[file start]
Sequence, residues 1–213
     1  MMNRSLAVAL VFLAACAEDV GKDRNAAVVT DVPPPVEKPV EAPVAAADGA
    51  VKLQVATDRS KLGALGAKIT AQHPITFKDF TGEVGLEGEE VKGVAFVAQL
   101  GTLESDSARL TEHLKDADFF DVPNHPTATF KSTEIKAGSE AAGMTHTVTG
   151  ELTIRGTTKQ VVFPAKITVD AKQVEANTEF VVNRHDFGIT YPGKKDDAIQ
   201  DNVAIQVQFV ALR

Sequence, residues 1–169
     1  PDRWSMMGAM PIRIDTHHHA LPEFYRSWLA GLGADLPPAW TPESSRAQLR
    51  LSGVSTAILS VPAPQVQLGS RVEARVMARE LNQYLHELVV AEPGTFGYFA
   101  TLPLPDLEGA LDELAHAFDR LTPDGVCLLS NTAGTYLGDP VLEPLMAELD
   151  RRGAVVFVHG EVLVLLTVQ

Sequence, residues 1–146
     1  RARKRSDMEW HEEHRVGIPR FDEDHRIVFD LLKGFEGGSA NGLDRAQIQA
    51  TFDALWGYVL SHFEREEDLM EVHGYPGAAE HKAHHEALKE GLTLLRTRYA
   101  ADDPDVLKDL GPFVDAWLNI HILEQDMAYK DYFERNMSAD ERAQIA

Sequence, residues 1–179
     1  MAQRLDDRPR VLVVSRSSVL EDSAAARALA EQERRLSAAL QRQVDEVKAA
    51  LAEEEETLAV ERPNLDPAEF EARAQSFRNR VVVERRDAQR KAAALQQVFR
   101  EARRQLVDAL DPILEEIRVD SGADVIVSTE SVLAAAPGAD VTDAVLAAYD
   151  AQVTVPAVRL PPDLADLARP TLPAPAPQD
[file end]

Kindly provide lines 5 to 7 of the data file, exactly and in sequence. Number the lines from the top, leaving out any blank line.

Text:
   151  ELTIRGTTKQ VVFPAKITVD AKQVEANTEF VVNRHDFGIT YPGKKDDAIQ
   201  DNVAIQVQFV ALR

Sequence, residues 1–169